Lucas is available for private lessons and draws on a wealth of teaching experience. He holds a Bachelor of Education (Music) and has taught for a period of twenty five years. His teaching style is characterised by a warm, generous spirit that values humour and curiosity within each learning environment.. A genuine wish and willingness to share his love of music underlies all of his teaching.
Lucas has a leaning towards finger style and jazz guitar. Within these genres, he has developed efficient and effective methods to assist students in acquiring a mastery in: technique, aural perception, harmony, theory, improvisation and composition. The key for him, lies in ensuring that the material is always relevant and grounded in the music.
Besides the 'nuts and bolts' Lucas welcomes the opportunity to explore the intangible elements - helping to facilitate students identify and overcome their self-imposed learning obstacles and limitations. This requires great confidence and skill on the teacher's part and the cultivation of a nurturing, trusting environment. Through his study of Alexander Technique, Lucas also acknowledges the significant yet often overlooked - role body plays in developing grace and flow in musical execution.
In 2016, Lucas initiated the Melbourne Guitar Lab which aims to diversify the landscape of music education through face - to face workshops. This has been met with overwhelming enthusiasm from participants providing them with the opportunity to engage and learn from industry successful, guitarists on a range of subject areas: The Jazz Sessions, Alexander Technique for Guitarists and The Advancing Guitarist. Apart from Guitar Labs under his own name, Lucas has been involved in the presentation of artists as varied as : Frank Gambale, Brett Garsed, Slava Grigoryan, Doug DeVries and James Sherlock.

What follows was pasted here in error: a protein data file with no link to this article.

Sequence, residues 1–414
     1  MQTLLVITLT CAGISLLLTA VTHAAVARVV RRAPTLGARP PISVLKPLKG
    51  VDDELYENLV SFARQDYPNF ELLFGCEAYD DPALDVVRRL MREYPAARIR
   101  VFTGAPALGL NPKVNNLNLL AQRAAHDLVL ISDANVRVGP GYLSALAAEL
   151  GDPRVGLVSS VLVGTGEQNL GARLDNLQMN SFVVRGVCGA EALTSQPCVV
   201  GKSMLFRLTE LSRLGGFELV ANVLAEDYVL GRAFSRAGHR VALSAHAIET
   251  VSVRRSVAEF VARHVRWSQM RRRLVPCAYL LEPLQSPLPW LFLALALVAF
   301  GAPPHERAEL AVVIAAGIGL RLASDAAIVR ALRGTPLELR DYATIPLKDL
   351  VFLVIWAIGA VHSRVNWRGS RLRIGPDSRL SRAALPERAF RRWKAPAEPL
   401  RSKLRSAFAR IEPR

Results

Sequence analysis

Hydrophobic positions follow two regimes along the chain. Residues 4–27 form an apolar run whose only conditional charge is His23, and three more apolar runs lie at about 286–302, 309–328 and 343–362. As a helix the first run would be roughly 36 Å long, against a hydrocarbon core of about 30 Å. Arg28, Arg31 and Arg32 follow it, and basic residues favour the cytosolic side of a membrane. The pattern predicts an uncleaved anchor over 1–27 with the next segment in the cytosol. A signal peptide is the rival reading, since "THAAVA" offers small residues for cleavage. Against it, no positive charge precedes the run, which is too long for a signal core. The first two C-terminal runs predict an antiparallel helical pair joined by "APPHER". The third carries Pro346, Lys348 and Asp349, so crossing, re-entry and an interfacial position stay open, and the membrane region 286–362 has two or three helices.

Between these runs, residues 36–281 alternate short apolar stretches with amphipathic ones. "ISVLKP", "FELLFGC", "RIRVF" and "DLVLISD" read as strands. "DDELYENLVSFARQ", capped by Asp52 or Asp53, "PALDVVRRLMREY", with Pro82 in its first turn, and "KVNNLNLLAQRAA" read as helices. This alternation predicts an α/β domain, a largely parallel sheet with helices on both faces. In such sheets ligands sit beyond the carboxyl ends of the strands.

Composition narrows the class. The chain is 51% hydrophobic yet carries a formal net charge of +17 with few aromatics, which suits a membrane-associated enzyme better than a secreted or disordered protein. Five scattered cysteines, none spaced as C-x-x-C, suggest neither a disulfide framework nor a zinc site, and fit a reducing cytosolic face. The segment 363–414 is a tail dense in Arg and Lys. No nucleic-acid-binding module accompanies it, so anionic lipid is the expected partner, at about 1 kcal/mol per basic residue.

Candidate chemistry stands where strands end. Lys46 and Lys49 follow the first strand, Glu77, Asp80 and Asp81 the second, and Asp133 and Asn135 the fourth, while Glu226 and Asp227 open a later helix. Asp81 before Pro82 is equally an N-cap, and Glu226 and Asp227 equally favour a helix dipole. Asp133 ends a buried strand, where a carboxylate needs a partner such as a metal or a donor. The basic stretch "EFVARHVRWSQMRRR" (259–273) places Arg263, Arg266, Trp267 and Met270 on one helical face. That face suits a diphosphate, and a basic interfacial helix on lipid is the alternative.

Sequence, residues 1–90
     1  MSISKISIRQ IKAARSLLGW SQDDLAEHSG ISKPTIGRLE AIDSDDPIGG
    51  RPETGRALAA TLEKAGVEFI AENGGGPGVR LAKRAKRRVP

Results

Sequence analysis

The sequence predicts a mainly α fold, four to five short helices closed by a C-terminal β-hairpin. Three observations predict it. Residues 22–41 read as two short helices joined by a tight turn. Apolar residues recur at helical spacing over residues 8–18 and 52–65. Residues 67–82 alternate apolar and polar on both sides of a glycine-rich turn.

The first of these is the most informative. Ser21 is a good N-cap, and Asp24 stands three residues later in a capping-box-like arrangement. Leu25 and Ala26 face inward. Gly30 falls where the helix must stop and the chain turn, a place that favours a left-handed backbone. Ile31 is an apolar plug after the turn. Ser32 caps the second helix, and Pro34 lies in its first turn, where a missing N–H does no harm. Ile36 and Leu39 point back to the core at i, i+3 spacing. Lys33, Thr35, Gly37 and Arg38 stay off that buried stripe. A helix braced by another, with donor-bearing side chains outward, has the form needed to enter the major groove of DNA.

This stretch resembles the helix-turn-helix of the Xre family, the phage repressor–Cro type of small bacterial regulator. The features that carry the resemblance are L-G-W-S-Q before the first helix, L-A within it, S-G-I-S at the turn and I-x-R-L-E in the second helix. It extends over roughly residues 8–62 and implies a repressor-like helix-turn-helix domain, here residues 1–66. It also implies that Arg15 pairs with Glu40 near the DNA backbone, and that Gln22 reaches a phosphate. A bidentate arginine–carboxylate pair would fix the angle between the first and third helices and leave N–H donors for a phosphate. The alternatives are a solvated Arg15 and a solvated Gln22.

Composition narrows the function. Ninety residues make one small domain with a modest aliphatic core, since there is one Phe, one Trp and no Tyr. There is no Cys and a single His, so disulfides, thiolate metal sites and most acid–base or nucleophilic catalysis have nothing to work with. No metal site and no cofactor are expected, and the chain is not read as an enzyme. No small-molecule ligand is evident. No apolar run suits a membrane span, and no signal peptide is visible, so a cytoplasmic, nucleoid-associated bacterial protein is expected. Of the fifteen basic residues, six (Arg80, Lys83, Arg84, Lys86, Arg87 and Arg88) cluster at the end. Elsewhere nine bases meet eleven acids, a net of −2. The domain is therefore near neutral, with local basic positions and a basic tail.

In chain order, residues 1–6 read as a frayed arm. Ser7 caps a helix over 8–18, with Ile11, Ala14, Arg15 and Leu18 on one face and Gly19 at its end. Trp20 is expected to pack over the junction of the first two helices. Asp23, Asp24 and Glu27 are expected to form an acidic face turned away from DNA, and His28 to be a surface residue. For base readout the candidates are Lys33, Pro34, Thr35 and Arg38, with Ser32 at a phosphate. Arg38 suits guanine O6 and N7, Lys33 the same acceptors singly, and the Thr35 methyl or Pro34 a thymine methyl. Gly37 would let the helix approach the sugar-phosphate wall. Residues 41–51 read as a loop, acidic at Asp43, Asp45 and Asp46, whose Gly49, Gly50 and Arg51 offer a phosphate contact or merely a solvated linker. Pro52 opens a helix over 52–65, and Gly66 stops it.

Over a twenty five year period, Lucas has been privileged to have studied/ attended master classes with extraordinary teachers: Ted Greene, Tuck Andress, John Scofield, Pat Martino, Jim Hall, Pierre Bensusan and Ed Gerhard. Lucas is an ongoing instructor at the University of Melbourne (15 years) and Melbourne Polytechnic (25 years). He has also conducted workshops in Australia, the USA and South Korea.
Correspondence from Lucas to a student:
“There is a nice little catch phrase I always try to remember, that of: slow slow, fast fast. It’s essentially the old adage of the hare and tortoise. The slower we go, the quicker we arrive at our destination. And by slower, I mean deepening our attention and refining every little thing. Usually, in our present culture, we prize the opposite, going fast fast in order to get to the destination quickly. Unfortunately when anything is done hastily, mistakes happen, bad habits form, poor technique, injuries… these can be costly and debilitating, ending up taking way longer than the alternative. Now, what happens if we go so slow that we actually STOP? By stopping I mean that we become so deeply immersed in the sound (become the sound) that the issue of striving or trying to attain a goal is no longer relevant. Well, the lovely thing about this is that when we stop, we arrive at our destination! Hooray! Now this is what play is. Think about it. When we are playing, we are in flow, we are joyful and fully present (and ironically lose ourselves). Time disappears and outcome (winning or losing) seems irrelevant.